Guynemer monument


The "unknown soldier" is connected to every war. Hundreds, thousands disappeared in the First World War as nameless victims of violence. But some of them live on in history. One of them is the legendary French pilot Captain Georges GUYNEMER. His name has become a symbol of courage for the French. He was a pioneer of French aviation in wartime. Air battles were still in their infancy but Guynemer managed to bring down more than 50 German planes. He belonged to an elite corps of the French Air Force: the 'escadrille des cigognes' . On the 11th of September 1917, Guynemer disappeared above Poelkapelle.

The monument that was erected is very present at Poelkapelle. On top of a high column stands a bronze stork, revering to his regiment.

A laurel wreath adorns the column which is suspended in the direction of the Allied front and the last day order of Guynemer is inscribed in the stone.

Georges Guynemer was born on the 24th of December 1894 in Paris. His father, a former officer, let his little son first study in Compiègne, before continuing his studies at the polytechnic in Paris. His poor health forced him to interrupt his studies in 1914. When war broke out in August 1914, he and his family enjoyed the healthy sea air in Biarritz. From then on, Guynemer had only one goal: to enlist and to defend his country by becoming a pilot. He enlisted in the army up to five times, but was rejected each time for medical reasons. Finally, on November 23, 1914, he was admitted to the flying school in Pau as a student mechanic. But it was the life as a pilot he was attracted to.

On January 26, 1915, he became a student pilot and his ultimate dream came true on March 10, 1915: his first flight. Barely 10 days later he mutate to the flying school of d'Avord, where he managed to become his pilot's license on the 26st of April. His efforts were rewarded, because on June 8, he was assigned to the famous 3° "Escadrille des Cigognes", led by Captain Brocard. During his first reconnaissance it was already clear that he had an exceptional hunting instinct and on July 19, together with his mechanic Guerder, who operated the machine gun, he managed to bring down his first "Aviatik". At the beginning of 1916, he was deployed over the battlefield of Verdun, where the Germans ruled in the air. He was seriously wounded on March 13th and had to recover for several weeks. Later, he was part of the battle of the Somme, where he won 21 official victories in 6 months! Less than 23 years old, Guynemer was Captain and Officer of the "Légion d Honneur". Capitaine Guynemer became very famous. He became a hero of the Nation and he inspired the soldiers in the trenches. A legend during his life! His victories piled up. On May 25, 1917, in one day, he took down no less than four enemy planes, two of them in one minute. In the meantime, a legendary image of the "As" hero was created in the press.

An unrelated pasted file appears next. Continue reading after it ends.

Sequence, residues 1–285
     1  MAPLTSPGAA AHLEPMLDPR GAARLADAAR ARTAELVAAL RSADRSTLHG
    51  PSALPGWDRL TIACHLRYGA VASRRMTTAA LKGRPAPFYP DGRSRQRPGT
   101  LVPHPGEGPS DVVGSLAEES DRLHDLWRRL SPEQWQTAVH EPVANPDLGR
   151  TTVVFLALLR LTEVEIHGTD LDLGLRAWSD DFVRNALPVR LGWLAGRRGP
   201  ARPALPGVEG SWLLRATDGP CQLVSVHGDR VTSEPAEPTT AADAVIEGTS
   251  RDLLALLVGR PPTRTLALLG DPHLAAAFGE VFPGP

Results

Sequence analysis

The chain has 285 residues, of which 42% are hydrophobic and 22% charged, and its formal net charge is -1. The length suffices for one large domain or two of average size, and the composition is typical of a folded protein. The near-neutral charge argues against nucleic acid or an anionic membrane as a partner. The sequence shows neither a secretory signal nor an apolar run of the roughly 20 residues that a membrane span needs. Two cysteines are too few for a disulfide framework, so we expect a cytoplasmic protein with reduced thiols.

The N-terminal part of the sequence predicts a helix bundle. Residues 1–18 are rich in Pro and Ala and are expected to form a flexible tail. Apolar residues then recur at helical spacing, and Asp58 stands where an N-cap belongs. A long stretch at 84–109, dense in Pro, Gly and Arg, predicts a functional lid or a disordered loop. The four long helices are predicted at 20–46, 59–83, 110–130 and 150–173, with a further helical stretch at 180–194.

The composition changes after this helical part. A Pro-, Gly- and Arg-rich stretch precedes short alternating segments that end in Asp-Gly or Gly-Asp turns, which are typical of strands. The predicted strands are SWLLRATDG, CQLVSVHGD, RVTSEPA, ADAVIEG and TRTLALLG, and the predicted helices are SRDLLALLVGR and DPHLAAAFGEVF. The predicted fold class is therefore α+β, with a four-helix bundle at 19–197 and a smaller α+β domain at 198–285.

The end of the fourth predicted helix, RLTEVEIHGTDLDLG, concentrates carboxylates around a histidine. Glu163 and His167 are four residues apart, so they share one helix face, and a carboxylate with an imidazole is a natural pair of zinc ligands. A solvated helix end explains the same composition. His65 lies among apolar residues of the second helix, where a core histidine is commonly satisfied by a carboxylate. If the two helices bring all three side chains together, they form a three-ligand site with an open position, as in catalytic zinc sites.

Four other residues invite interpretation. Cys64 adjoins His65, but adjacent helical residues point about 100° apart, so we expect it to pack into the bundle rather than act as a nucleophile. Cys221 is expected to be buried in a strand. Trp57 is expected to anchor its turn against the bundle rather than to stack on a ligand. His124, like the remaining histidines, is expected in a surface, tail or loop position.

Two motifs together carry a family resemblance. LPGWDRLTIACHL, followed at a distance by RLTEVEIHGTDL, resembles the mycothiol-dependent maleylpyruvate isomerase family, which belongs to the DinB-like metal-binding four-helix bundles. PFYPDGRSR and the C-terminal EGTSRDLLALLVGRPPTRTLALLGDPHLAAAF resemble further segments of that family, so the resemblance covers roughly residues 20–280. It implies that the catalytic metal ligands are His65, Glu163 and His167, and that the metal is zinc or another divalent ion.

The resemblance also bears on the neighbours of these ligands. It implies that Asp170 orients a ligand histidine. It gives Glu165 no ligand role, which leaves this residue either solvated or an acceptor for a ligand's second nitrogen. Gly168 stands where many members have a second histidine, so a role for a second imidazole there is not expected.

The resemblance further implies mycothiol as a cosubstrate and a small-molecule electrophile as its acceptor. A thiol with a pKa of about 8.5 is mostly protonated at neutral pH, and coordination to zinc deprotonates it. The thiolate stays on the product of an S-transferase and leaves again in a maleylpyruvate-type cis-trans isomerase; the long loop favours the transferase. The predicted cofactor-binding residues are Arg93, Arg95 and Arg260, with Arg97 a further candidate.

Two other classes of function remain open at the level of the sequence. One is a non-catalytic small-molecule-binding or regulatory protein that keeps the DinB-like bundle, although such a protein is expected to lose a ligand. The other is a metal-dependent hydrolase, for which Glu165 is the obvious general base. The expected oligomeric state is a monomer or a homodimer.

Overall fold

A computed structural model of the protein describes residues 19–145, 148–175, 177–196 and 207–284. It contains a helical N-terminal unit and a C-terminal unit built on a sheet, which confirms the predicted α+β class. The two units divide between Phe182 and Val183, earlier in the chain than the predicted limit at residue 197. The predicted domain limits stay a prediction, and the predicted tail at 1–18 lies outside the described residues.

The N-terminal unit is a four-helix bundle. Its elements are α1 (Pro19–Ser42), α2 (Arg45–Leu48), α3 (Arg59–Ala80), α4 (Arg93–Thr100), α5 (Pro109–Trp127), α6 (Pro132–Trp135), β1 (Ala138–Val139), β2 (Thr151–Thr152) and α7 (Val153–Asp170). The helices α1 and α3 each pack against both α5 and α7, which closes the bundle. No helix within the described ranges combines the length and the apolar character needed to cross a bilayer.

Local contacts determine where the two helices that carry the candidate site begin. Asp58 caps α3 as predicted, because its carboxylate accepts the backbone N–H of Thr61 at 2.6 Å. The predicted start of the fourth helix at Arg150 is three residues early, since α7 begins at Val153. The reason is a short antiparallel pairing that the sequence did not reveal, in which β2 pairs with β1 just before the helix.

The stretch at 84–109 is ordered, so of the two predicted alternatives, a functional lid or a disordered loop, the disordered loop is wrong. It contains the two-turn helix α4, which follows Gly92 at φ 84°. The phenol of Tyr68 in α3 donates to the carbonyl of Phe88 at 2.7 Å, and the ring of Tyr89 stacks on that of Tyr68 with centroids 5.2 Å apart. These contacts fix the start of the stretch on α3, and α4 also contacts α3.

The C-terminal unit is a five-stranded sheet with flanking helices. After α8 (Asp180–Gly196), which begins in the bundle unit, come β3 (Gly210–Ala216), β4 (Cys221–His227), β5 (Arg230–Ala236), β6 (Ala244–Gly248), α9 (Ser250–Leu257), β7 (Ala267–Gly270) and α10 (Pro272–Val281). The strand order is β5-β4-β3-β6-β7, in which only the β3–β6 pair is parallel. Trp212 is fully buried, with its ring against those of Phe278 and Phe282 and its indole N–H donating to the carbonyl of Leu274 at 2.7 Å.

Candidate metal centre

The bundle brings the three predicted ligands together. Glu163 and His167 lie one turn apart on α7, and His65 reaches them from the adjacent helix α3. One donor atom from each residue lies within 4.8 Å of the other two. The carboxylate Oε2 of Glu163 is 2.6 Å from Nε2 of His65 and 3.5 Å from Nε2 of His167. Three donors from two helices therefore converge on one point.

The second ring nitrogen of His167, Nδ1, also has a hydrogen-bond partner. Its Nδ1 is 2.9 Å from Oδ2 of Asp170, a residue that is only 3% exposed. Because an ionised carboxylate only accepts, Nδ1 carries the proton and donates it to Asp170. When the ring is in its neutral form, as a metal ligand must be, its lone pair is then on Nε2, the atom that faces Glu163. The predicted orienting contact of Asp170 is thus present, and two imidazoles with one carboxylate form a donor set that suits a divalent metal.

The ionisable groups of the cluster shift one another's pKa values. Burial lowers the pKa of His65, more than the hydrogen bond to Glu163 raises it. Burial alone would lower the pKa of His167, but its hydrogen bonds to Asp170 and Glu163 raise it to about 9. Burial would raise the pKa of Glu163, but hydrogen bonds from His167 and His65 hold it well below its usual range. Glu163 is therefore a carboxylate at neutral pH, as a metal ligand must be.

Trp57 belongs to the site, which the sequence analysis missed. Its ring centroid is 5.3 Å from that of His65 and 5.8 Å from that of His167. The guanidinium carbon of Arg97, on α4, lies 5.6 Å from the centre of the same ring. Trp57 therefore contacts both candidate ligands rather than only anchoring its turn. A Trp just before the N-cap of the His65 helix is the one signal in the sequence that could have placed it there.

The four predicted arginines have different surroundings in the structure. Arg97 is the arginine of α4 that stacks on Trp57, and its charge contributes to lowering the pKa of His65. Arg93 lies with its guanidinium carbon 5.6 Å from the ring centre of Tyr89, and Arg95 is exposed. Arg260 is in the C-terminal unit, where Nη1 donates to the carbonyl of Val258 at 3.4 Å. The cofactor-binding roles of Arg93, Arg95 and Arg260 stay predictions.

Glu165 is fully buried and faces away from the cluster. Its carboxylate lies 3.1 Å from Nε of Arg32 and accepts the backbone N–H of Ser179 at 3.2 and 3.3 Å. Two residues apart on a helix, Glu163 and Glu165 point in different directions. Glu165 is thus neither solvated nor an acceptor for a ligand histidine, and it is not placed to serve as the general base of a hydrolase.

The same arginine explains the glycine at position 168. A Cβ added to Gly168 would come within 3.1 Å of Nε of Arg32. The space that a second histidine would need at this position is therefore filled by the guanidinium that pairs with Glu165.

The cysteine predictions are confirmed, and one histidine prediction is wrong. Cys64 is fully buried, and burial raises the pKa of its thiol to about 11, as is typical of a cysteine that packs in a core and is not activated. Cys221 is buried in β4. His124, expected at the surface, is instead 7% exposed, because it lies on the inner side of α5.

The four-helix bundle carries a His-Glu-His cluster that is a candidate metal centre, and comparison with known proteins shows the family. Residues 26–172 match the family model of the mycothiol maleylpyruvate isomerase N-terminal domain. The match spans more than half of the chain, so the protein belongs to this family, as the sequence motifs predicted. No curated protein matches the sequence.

In mid-July 1917, the squadron moved to the northern French town of Saint-Pol sur Mer to support General Anthoine's first army in the fierce fighting in Flanders. Guynemer achieved his 50th victory there. The petite Guynemer, strengthened by unbridled energy, wants to prove himself here again, because the supreme command had plans to keep Guynemer on the ground, as an instructor. On September 11, 1917, he took off for the last time aboard his Spad XIII ( named as the "Vieux Charles"), accompanied by Lieutenant Bozon-Verduraz. A real aerial battle unfolds above Poelkapelle. The lieutenant loses sight of his comrade and Guynemer... never returned.

“ On September 11, 1917, Guynemer fell on the field of honour. He was a legendary hero, who died in all his glory after three years of bitter fighting. His devastated faith in victory leaves the French soldier with a lasting remembrance of selfless sacrifice and noble rivalry".

Last citation of Guynemer as it is read on all French airbases on September 11th and on all commemorations.